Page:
Bus Stop Improvements: Presentation

Murphy began giving an overview of the process used by the AATA to make improvements at bus stops:

  1. Identify Opportunities to Make Improvement
    120 bus stops have been identified for concrete improvements over the next three years.
  2. Selection Criteria
    Passenger Activity Data (20+ daily riders).
    Demand (requests by agencies/customers).
    Bus Stop Placement Guidelines
  3. Implement
    Surveys with city inspector and schedule work.
    Meet project managers on site as needed.
    Input data in Trapeze [an AATA database].

Murphy showed the board several before-and-after photos of stops that had undergone improvements, some of which highlighted collaboration and coordination with various other agencies, like the Ann Arbor District Library, the Ann Arbor Downtown Development Authority, Pittsfield Township, the city of Ann Arbor, Michigan Dept. of Transportation, and Eastern Michigan University.

Murphy told the board that the AATA was close to meeting or had well exceeded many of its 2010 goals for improvements of its bus stops. Those included:

  • Goal: Install new shelters at 6 bus stops – 10 were installed.
  • Goal: Add lead walks at 15 bus stops – 38 bus stops completed.
  • Goal: Install benches at 10 bus stops – 20 were installed.
  • Goal: Increase Adopt-A-Stop participation from 83 to 100 – 95 signed agreements.
  • Goal: Solar lighting for 5 installations – 2 locations are being tested.

Murphy explained how the criteria for undertaking improvements were not necessarily rigid – a willingness on the part of someone to adopt the stop could result in an improvement at a stop that doesn’t meet all the criteria. [Volunteers in the AATA's Adopt-a-Stop program help to pick up litter and to clear snow around the stop.]

Bus Stop Improvements: Board Discussion (On-time Performance)

After the presentation, in response to board questions, Chris White – the AATA manager of service development – also explained that the ability to coordinate with existing projects already planned by other agencies can also factor into which bus stop improvements are actually made. This helps save on cost, he said, because the cost of the concrete is much less than the cost of the set-up for pouring it.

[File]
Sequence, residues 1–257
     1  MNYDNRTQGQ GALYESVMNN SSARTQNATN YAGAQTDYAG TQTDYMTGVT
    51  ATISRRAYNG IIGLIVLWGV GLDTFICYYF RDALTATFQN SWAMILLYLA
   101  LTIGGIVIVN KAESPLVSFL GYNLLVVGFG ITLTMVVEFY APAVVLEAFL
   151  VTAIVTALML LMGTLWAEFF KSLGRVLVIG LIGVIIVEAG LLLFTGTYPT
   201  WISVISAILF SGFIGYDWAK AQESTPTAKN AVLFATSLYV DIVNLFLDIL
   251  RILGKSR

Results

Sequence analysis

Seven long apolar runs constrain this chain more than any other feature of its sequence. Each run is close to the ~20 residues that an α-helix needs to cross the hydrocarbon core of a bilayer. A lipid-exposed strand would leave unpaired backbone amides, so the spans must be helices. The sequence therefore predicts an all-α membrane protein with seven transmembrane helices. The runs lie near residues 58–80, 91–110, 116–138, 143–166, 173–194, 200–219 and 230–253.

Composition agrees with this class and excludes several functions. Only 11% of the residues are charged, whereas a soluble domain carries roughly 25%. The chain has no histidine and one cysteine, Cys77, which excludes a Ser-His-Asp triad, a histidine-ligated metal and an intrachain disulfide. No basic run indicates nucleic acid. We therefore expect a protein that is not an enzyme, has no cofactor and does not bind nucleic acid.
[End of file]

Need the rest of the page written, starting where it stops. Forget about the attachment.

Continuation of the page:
Jesse Bernstein waned to know if site plans for new developments that are submitted to municipalities where the AATA operates are automatically sent along to the AATA. White confirmed that for some municipalities this is the case, but not for all. For example, the cities of Ann Arbor and Ypsilanti, as well as Ypsilanti Township, automatically send proposed site plans to the AATA, but Pittsfield Township does not.

bus-stops AATA

Jeff Murphy, the AATA's bus stops and zone foreman, prepared his slide presentation on bus stop improvements before the meeting.

Roger Kerson wanted to know why some of the stops, which were deemed to be poorly located and moved as a part of the program, were located there in the first place. The explanation was that many of the stops have been in their current location for many years.

David Nacht identified two issues connected to bus stops that he wanted to see explored. The first is the idea of providing some kind of heat at certain locations. He noted that there are some people who may not be willing to stand outside waiting for a bus in 10-degree cold, and it’s important for the AATA to explore heating, if it wants to try to get people to choose to ride the bus.

The second idea Nacht floated was some way of getting on-time information to people at the bus stops so that when a bus is late they are aware of it. He alluded to the the issues that have recently been raised about AATA on-time performance. [See previous Chronicle coverage: "Community Forum Attendance, On-Time Performance 'Abysmal'"]